Now, to be clear, some marketers doing ABM think buying lists of contacts at target accounts and then emailing or calling those individuals is a sound ABM practice – it’s not. Nor is it respectful of their personal data. Marketers shouldn’t send unsolicited emails out to individuals who didn’t request information from you or weren’t willing to give you their data to obtain your company’s branded content. It’s a much better practice to syndicate your branded content across the properties of trusted media partners (who have already built good relationships with your target audiences), and let decision-makers among your target accounts find your content and provide their info on their terms.
Both data-privacy regulations and good ABM practices are about quality interactions with individuals who are genuinely interested in your products or services. They’re both about being customer-focused, which means being respectful of their data and gaining their trust.
In the grand scheme of things, trust-based marketing, which includes good ABM practices, will result in a transformation of the demand marketing funnel; the top of your funnel will likely contract, but the bottom will expand – this is obviously better.
A Quick List of Trust-Based Marketing Benefits
Making the switch won’t always be easy. You may need to convince senior execs that it’s okay that your top-funnel lead volume has dropped. You’ll also need to put effort into updating lead capture language and processes. But these challenges are relatively minor when you think of what your team will eventually get in return. Here’s just a few of the benefits your team can expect in the mid- to long-term:
- Forces businesses to focus on the metrics that matter. Sure, the c-suite knows that pipeline opportunities are more important than lead volume. But for most B2B marketing teams, as soon as lead volume drops, a moment of panic from management is forthcoming. Data-privacy regulations are a good reason marketing teams can cite to unchain themselves from the old lead-volume anchor that prevents resources from being spent on higher-priority initiatives.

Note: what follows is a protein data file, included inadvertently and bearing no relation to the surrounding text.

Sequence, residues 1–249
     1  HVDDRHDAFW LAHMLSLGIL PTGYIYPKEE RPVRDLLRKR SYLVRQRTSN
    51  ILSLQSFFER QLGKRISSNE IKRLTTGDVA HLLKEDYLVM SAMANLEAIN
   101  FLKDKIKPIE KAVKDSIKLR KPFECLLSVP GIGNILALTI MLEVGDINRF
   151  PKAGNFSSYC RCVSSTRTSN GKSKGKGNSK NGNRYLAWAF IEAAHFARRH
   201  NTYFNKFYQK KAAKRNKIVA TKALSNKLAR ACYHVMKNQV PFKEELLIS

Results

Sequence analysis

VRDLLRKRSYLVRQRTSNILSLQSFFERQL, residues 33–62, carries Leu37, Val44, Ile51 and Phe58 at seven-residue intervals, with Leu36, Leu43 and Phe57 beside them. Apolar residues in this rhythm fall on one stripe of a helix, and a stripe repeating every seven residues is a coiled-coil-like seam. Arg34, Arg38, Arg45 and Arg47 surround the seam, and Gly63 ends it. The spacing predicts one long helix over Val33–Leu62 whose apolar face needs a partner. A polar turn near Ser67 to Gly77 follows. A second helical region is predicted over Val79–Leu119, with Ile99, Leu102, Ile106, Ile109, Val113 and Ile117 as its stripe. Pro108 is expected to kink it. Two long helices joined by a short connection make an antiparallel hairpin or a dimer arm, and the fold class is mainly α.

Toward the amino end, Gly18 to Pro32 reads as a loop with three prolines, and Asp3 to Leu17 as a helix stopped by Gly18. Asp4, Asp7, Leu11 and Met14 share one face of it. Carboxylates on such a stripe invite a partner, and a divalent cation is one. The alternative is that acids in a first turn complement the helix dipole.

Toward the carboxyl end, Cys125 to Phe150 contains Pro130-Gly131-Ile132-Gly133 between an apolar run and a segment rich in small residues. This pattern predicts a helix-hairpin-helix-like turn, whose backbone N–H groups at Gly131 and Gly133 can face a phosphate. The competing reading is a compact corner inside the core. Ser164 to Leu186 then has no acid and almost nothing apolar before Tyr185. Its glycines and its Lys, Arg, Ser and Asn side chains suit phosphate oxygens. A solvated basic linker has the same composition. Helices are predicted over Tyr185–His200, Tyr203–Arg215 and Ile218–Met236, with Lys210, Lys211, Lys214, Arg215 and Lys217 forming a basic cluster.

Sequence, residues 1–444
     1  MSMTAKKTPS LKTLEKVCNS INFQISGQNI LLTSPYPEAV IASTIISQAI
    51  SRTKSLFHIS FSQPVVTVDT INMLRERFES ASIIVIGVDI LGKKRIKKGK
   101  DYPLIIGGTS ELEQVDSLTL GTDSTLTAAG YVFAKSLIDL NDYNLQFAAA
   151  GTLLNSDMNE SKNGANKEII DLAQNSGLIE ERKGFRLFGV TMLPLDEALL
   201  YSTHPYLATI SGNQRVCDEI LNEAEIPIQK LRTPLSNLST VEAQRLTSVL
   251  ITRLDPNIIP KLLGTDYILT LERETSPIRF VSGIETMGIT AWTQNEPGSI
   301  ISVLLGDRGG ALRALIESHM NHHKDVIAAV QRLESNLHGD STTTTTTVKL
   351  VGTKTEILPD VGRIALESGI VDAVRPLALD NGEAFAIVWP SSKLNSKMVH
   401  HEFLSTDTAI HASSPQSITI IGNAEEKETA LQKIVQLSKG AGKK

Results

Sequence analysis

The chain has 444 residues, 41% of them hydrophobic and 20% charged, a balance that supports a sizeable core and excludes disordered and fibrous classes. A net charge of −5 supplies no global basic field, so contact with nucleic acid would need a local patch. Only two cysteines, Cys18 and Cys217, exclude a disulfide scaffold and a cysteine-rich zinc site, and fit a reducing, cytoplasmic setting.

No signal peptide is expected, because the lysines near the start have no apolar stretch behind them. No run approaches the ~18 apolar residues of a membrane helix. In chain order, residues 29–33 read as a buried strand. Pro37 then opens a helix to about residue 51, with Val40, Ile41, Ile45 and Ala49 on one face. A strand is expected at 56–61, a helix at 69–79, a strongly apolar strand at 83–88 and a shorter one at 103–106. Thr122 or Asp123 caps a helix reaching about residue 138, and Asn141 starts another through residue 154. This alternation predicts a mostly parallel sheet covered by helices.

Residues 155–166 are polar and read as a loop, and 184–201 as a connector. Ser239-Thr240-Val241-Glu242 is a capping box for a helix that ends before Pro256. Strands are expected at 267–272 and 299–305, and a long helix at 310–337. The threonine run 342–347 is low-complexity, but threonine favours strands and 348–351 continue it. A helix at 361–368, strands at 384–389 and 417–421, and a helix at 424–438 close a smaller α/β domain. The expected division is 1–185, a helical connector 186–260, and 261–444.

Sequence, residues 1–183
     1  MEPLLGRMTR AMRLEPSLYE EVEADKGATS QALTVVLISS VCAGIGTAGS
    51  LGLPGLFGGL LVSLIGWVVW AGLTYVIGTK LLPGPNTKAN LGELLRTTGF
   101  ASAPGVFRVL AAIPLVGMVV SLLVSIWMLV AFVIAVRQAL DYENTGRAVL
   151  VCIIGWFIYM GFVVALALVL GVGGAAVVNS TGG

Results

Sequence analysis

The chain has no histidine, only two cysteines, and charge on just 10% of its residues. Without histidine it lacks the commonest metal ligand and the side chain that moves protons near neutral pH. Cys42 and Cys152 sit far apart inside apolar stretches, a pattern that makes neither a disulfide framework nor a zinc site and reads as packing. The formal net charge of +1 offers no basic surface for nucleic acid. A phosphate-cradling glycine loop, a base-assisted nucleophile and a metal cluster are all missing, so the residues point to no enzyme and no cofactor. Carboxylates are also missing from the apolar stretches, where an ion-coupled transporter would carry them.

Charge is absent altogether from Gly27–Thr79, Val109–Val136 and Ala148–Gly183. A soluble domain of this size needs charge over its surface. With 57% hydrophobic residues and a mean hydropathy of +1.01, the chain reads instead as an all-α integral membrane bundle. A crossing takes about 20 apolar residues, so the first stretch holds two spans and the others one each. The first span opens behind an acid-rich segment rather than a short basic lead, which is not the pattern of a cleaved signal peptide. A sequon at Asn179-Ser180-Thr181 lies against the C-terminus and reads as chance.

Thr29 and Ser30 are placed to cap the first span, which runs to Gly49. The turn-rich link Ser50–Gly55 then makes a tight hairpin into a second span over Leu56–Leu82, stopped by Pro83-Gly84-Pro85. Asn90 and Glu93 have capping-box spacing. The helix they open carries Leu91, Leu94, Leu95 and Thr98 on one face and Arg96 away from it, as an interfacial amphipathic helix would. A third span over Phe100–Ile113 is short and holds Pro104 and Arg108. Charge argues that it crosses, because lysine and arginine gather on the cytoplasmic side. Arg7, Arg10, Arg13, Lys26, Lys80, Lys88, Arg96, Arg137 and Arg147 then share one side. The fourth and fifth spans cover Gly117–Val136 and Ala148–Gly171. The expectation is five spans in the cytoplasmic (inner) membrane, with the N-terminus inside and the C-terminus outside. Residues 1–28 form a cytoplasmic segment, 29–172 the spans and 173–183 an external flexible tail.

- Results in better prospect data. The fact that trust-based marketing requires prospect consent for specific uses of data will translate to a clearer understanding of prospect needs – that is to say, more specific, accurate lead data with which marketers can further qualify, nurture and convert prospects into opportunities.
- Improves marketing program transparency. The barriers to funnel entry act as a filtration device; your database will no longer be muddied by all the so-called “lead” data that traditionally have flooded your marketing automation and CRM systems and skewed your program measurement, analysis and optimization. This cleaner database will provide you with a better understanding of which messaging, content and channels are resonating with which personas, and creating real interest among your target audiences.
- Increases marketing team efficiency. Because leads that enter the funnel will be of higher quality, your team won’t need to spend as much time trying to convert leads that never should’ve found their way into your database in the first place. Resources can be reallocated to more strategic endeavors. Consequently, your team will be better equipped to identify and surround the entire buying committee at targeted accounts, which will translate to even more conversions down funnel.
- Benefits the sales-marketing relationship. Higher-quality leads and increased pipeline opportunities and value will engender greater marketing credibility among your business development reps (BDRs) and sales colleagues. Prospects will naturally be more open to engagement since it’ll be on their terms. Plus, your messaging will be more personalized both out of necessity and because you’ll have more specific information about these prospects from the beginning. Combined, this will make for a much smoother hand-off to sales. Further, the freeing of marketing resources from chasing and managing a large database of suspects will allow for greater integrations of sales-marketing efforts focused on real prospects.
To learn more about how your team can put trust-based marketing into practice, we put together this data-privacy compliance resource page. It’s full of webinars, checklists and whitepapers that’ll help guide your efforts to not only help you get compliant with GDPR, but revise your strategies, tactics and processes around the trust-based marketing philosophy.